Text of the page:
Investing in Need – Cost-effective interventions for eating disorders
In 2014, the Butterfly Foundation for Eating Disorders commissioned Deloitte Access Economics to undertake a cost benefit analysis of treatment for eating disorders in Australia. The report, Investing in Need- cost effective interventions for eating disorders report, examines the cost-effectiveness of ‘treatment as usual’ versus ‘optimal treatment’ for eating disorders in Australia, using the prevalence trends and costing framework from the 2012 Deloitte Report Paying the Price.
The ‘Investing in Need’ report was launched by The Hon. Sussan Ley, Minister for Health at Parliament House on Monday 2 March 2015
The ‘Investing in Need’ report has found that optimal treatment interventions for eating disorders are up to 50% more cost-effective than treatment as usual. The optimal treatment model used in the Investing in Need report is based on the work of the National Eating Disorders Collaboration (NEDC) and a Treatment Options report prepared for the Department by Butterfly Foundation, and specific international programs analysed by Deloitte Access Economics.
The analysis in the report is based on the 213,208 newly developed eating disorders cases in 2014. Key findings of the Investing in Need report include:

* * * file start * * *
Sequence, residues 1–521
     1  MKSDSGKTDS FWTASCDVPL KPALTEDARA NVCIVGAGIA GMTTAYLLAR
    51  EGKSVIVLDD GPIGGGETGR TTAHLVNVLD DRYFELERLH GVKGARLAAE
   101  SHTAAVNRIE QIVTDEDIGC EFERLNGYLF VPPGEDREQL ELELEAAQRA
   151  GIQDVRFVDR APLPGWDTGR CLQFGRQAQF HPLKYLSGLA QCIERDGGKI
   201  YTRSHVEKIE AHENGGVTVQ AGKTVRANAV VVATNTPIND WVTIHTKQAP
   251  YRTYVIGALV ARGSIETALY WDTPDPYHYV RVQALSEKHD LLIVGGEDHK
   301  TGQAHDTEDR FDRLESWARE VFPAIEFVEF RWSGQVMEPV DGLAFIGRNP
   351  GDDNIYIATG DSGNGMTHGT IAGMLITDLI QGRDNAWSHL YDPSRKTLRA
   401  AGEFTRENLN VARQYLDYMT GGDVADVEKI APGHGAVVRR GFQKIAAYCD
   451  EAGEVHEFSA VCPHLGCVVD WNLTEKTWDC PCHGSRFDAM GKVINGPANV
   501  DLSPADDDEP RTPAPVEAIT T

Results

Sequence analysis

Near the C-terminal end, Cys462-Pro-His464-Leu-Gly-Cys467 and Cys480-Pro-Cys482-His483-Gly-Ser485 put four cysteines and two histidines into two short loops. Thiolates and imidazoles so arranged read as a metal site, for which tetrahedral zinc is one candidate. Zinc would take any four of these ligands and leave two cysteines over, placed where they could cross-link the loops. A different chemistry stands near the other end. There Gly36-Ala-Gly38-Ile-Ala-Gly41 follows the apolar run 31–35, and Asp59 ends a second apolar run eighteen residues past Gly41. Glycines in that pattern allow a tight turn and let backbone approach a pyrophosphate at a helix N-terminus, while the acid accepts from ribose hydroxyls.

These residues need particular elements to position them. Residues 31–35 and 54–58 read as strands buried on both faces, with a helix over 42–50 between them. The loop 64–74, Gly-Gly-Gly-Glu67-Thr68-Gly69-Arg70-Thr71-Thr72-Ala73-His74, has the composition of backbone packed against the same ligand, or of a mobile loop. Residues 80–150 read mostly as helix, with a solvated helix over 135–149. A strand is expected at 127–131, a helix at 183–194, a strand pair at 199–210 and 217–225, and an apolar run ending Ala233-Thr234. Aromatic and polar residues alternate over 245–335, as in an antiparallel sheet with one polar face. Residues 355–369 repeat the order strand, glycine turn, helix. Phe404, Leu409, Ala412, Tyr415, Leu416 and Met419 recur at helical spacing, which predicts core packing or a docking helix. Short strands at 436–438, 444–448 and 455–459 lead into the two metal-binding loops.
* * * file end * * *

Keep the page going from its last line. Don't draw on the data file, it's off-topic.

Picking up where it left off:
- The total cost, if Treatment As Usual occurs, for those who develop an eating disorder in 2014, is equivalent to $103.2 billion(Net present value over 10 years). The total cost, if optimal treatment occurs, for those who develop an eating disorder in 2014, is equivalent to $49.9 billion (Net present value over 10 years).
- Best practice treatment is up to 50% more cost-effective than standard practice. There is a 5:1 benefit cost ratio for implementing optimal treatment interventions.
- Under the current system, in any given year, the great majority of people with an eating disorder do not access treatment. For those who receive treatment as usual, it will be truncated; often hospital based and will not follow through to sustainable recovery. Some with an eating disorder will never recover – one in every ten of those with anorexia will die prematurely. Many will struggle with their disease for decades, and most will face five to ten years with high morbidity.
- Early intervention in illness and in episode significantly reduces the duration and impact of the illness, and increases the rate of sustainable recovery.
- Rolling out a best practice multidisciplinary approach will take five years at a cost of around $2.8 billion. New cases of eating disorders in 2015 and onwards will cost the economy billions of dollars in lost productivity.
Butterfly Foundation is committed to working with the government to correctly (and conservatively) identify the scope of the problem and proactively provide potential answers, together with the economic rationale for taking action.
The Paying the Price report brought to the forefront the high prevalence and socio-economic cost of eating disorders in Australia and the moral imperative to take action. Every Australian who suffers an eating disorder deserves to have access to optimal treatment. The Investing in Need report provides the economic imperative for optimal treatment.